A special guest post by Rajul Chande.
To call Relais Santa Croce in Florence a “hotel” is a slight misnomer. The building is so unique, replete with historic details and visually opulent that I immediately felt as if I’d stepped into an entirely different dimension. This feeling began with the sense of discovery on arrival. The entrance is so discreet that you feel one of the privileged few invited to enter an exclusive private palazzo. It is followed by a grand staircase sweeping upwards to the reception. As you step inside the building, you catch an intriguing glimpse of the courtyard of Enoteca Pinchiorri, a world-famous 3 star Michelin restaurant situated underneath the hotel (and the basement further down has one of the finest wine collections in Italy). So you have world class dining literally on your doorstep.
Although the staff at Relais Santa Croce apologised as I checked in for not having greeted me personally at the entrance to the building, I loved the sense of discovery. The service was so warm that I immediately felt in the company of old friends, a feeling enhanced by the fact that there are only 24 rooms so each staff member makes the effort to get to know you personally. After check-in I was taken to what was rather humbly described as ‘my room’ – the Da Verrazzano Royal Suite, an enormous and spectacular ‘house within a house’. It is the former residence of famed Florentine traveller Giovanni da Verrazzano.
From the suite’s two imposing reception rooms (so large I temporarily misplaced my belongings!) complete with original frescoes, to the hand picked objets d’art, it was like stepping into an exclusive museum of fascinating curiosities. There was even the intrigue of a secret safe with an apparent escape passage, which added to the sense of grand history all around. The master bathroom had impressive scale – split into two levels with a magical candlelit Jacuzzi with just the right ambience to add another dollop of luxury to an already overflowing glass.
I was given a tour of the hotel, including the palatial Music Room used for private concerts and performances by the famous Teatro Verdi located on the same street. This is one of many reasons why this slightly bohemian neighbourhood is one of the most underrated parts of Florence, despite being nestled within the city’s historic centre.
Just behind the Music Room, which also doubles as a chi chi spot for a quiet drink, was the fumoir. This is used for intimate private events and cigar tasting and was furnished with yet more frescos and artful curiosities in glass cabinets.
The décor throughout was quite breathtaking, from the glittering chandeliers and lights (the building was previously used as a warehouse by an enterprise crafting some of the most innovative and artistic lighting in the world and this influence was everywhere), to the comprehensive transformation of every aspect of each room into art and antiquity, in the style that the Italians do so well.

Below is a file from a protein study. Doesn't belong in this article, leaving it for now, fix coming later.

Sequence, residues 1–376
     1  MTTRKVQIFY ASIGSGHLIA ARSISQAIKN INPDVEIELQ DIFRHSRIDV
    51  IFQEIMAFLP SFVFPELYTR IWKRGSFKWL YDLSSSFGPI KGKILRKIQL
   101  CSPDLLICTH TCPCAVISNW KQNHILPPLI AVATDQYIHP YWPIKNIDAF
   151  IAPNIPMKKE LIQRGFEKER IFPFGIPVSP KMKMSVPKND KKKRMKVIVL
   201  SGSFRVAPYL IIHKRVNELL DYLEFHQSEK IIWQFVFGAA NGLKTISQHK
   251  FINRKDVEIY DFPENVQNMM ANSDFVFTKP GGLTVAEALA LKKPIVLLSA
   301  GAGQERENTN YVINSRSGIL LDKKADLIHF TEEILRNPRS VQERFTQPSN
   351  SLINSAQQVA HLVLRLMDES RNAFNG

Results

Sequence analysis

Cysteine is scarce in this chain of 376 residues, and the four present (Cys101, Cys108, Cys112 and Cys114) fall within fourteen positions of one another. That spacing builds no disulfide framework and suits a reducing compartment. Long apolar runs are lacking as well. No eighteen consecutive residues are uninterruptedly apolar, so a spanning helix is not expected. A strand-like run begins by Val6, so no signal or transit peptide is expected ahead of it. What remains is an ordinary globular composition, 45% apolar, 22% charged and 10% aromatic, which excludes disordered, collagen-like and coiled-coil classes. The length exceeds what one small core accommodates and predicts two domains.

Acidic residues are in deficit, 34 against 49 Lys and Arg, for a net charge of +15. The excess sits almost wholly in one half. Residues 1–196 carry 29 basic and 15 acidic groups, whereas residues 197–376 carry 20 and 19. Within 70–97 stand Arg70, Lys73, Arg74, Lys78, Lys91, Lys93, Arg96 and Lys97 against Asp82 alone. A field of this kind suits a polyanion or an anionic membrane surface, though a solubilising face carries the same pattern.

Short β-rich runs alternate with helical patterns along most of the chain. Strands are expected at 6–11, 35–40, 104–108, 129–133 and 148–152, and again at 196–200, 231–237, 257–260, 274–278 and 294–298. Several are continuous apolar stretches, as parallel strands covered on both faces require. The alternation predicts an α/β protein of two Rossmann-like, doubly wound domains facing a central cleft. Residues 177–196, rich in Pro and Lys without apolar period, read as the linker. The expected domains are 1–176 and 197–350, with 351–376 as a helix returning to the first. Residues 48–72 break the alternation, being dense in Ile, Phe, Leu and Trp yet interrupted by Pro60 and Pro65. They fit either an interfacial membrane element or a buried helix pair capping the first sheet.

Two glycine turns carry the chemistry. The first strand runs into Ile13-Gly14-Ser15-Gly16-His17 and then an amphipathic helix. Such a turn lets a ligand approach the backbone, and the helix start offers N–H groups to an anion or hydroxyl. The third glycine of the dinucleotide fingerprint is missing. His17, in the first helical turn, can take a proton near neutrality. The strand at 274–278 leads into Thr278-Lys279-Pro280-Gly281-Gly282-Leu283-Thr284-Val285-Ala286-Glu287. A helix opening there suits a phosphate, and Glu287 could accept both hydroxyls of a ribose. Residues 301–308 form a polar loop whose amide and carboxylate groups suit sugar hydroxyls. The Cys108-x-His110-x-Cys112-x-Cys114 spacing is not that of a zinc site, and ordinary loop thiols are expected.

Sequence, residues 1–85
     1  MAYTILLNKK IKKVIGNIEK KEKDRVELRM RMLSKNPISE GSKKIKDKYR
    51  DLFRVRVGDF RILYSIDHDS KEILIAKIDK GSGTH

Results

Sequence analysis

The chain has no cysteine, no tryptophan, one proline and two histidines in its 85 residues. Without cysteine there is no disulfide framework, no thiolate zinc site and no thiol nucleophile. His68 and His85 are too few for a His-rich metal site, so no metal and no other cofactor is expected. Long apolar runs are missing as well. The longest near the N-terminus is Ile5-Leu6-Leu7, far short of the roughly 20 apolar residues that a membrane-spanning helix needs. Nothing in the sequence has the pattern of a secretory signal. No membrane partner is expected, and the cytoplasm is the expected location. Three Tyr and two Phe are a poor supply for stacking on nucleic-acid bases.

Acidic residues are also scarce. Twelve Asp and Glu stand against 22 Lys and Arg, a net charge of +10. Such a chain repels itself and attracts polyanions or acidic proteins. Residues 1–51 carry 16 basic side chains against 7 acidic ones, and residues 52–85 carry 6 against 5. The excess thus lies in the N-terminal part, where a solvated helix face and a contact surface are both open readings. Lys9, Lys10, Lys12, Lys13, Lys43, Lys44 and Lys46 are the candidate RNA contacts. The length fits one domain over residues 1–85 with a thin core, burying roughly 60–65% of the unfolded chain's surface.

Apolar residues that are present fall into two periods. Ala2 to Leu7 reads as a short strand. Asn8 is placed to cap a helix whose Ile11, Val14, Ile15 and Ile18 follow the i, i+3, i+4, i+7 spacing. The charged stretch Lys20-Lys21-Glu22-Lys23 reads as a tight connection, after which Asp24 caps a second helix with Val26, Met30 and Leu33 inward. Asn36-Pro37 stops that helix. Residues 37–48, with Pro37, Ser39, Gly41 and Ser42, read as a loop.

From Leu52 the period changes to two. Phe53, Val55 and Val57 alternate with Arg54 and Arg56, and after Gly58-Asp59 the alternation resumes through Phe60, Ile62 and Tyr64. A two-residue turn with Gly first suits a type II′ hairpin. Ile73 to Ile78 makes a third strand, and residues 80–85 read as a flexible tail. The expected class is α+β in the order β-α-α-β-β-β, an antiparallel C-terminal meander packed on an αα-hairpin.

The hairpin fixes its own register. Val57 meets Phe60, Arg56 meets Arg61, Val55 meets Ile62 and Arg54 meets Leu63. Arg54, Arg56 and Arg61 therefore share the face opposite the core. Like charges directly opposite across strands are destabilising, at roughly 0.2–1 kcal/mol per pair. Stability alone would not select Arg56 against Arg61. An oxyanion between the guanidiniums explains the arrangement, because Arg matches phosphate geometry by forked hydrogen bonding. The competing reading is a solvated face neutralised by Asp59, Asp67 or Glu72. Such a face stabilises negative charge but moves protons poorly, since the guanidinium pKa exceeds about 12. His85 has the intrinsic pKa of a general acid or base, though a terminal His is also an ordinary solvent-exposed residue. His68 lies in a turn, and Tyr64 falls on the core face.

I was also lucky enough experience an atmospheric tour of the Wooden Trusses above the Music Room, where the intricate process of lighting the candles of the grand chandelier once took place, before the miracle of electricity. The Trusses have now been conserved as a fascinating museum and I was even allowed to step gently onto the planks of wood to take a closer look.
My friends Massimo and Simona are both born and bred in Florence. Simona (an architect) is usually fairly blasé about classic Italian palazzos – but the Relais Santa Croce blew them both away when they came to visit.
There is an intimate and opulent bar with a discreetly luxurious atmosphere and the deepest and most comfortable chairs, where I was treated to a bespoke drink mixed by a barman unafraid to show off his considerable expertise after asking me a couple of well-judged questions (it was Italian with a personalised British touch and utterly delicious).
The hotel’s own restaurant has the feel of a refined private dining room thanks to the small size of the hotel, and the menu includes… well pretty much anything you want using local ingredients in season, served up with some serious Italian flair. I had a superb breakfast there in the morning – my espresso even came in a little jug to keep it piping hot, an ingenious idea I’d never seen before.
With the Enoteca Pinchiorri – world famous for its food and its renowned wine cellar – located right below and attracting dining aficionados from all over the world by plane, train, private jet and helicopter, the opportunities for fine dining here are pretty enticing.
The Relais Santa Croce also arranges special packages with the restaurant and has privileges in getting tables for its guests so you don’t have to lift a finger.
Whilst I loved the luxurious room, the grand palazzo style and the stunning food and drink, it was the service that made the Relais Santa Croce really feel a cut above. This is the type of hotel where staff actively look for opportunities to delight you, from offering timely refreshments to tailoring the stay to your personal tastes – and most of the time you don’t even have to ask. They are performers much like those of Teatro Verdi nearby.
When I returned to my suite in the evening I found some refreshing satsumas had been left for me – well-judged as I am a serious satsuma fan. How could they know? Not only can the Relais Santa Croce offer a secluded hideaway with both historical pedigree and a luxe finish, but it seems they also have the gift of a sixth sense too…my stay was a true Velvet Escape in every sense and I felt enveloped in luxury from the very first moment.
About the guest writer
Rajul Chande writes about hotels and contributes to Italian Talks – a blog for Italy lovers.